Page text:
Also, read my blogpost on levels & seniority in SEO roles.

Hiring SEOs isn’t good enough: resources!

The Skills of an SEO Leader

Provide them with resources, when I joined Postmates one of the questions that I wanted to make sure was that they provided me with not just resources to set up some tools but also that I had engineers available to run the actual implementations and a designer to create the new pages that we needed there.

  • Engineering: It’s important, as you the SEO can’t make all the changes yourself, you’ll need the team to make actual changes. Most SEOs that I meet don’t have the knowledge about their infrastructure to actually push code or design something that complies with brand guidelines.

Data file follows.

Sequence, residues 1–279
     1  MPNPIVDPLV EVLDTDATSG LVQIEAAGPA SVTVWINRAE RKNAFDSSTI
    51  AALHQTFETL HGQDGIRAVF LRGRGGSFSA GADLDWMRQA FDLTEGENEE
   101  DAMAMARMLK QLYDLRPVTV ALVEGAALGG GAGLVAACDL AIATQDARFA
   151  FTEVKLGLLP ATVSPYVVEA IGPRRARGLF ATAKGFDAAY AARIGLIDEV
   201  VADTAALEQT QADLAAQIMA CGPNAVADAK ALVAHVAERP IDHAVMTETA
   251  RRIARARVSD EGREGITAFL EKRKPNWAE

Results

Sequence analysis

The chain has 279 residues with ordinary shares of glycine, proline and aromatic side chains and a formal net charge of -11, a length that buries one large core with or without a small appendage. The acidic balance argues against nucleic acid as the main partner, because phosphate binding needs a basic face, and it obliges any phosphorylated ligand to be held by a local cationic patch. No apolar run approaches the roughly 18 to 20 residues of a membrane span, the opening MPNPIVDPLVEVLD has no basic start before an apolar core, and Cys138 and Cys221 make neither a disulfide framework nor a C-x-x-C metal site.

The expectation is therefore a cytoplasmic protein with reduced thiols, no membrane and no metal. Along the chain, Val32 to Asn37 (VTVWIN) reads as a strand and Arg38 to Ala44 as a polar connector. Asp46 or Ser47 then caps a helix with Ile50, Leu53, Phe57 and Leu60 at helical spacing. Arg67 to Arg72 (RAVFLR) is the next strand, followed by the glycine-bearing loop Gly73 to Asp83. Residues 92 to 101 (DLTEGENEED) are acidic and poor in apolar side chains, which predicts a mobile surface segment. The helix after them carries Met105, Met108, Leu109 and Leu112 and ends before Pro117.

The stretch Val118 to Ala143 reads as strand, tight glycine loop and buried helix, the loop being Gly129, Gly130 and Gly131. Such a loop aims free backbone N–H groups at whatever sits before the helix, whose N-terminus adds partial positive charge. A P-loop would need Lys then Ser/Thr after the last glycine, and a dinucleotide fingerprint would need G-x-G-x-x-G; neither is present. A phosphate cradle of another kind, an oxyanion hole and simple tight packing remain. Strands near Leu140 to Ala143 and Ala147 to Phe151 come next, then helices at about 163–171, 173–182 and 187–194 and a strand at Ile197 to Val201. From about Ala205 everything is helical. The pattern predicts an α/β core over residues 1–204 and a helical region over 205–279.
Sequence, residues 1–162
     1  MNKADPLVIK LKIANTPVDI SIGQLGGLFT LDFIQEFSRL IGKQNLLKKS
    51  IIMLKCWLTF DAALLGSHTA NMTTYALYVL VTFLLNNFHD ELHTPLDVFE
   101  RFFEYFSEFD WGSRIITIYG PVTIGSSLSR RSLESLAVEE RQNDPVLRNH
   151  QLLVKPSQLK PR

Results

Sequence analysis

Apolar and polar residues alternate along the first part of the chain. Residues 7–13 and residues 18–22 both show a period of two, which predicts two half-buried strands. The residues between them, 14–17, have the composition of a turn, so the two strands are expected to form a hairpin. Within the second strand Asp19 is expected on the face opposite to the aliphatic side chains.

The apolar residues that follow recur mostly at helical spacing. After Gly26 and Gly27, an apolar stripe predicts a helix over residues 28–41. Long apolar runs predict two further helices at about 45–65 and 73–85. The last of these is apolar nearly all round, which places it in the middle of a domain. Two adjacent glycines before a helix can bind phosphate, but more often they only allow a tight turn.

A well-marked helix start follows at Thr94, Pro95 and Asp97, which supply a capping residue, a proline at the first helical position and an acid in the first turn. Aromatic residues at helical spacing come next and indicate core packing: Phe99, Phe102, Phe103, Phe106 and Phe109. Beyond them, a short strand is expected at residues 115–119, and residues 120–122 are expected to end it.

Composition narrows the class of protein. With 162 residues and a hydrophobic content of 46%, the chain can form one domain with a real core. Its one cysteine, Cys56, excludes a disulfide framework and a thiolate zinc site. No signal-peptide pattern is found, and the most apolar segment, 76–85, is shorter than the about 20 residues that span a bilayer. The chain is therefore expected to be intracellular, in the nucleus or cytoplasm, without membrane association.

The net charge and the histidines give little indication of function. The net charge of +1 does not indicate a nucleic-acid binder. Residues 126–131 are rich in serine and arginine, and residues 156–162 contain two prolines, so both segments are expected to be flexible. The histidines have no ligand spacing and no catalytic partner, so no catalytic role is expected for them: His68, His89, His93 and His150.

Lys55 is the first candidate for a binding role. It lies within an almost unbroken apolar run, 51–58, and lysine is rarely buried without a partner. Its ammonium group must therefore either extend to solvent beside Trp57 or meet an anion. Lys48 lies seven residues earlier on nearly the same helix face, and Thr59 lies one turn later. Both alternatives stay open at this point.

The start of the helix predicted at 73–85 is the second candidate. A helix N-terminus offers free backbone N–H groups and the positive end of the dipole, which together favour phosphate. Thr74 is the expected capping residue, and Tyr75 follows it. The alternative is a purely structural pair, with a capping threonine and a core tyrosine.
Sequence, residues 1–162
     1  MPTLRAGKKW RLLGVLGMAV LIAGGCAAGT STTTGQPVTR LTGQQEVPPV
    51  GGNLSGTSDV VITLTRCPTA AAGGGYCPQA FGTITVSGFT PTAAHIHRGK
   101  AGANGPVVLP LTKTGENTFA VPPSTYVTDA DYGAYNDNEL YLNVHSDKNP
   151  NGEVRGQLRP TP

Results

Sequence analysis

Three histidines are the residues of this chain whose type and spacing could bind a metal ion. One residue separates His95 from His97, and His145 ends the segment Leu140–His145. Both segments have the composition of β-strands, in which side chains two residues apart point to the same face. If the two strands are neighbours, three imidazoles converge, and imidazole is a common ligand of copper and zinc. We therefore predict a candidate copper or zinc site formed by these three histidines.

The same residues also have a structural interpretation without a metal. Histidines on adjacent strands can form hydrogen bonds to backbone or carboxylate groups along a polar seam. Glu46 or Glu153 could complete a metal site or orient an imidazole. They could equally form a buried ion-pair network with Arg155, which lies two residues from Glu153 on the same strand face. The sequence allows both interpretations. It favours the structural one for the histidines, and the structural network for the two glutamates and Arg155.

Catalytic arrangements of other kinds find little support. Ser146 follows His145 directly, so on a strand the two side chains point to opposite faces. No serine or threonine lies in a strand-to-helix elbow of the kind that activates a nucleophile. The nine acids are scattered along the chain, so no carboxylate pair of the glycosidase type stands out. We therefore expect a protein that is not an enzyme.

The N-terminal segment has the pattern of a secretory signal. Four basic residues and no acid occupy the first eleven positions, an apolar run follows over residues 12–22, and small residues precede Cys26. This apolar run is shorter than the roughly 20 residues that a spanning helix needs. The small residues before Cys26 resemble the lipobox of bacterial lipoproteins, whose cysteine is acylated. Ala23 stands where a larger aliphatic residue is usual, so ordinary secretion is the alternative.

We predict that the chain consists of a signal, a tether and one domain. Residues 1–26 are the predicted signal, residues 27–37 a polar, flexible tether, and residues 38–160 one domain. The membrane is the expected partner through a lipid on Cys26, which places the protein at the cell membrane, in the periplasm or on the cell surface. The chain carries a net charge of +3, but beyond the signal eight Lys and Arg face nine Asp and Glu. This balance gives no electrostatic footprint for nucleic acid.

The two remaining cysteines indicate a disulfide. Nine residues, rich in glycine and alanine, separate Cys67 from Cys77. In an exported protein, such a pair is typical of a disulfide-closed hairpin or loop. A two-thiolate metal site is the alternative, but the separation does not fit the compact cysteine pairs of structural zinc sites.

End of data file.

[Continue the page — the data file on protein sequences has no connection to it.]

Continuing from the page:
• Design: You need to add additional content, you need more blog posts, but they can’t just be text. There need to be visual add-ons to it, so you need design support.
  • Content: In a bigger company there will be an actual huge need for content (either new or to edit existing content). 

How have you been growing SEO teams, what is missing, what should SEO teams really focus on? Leave a comment!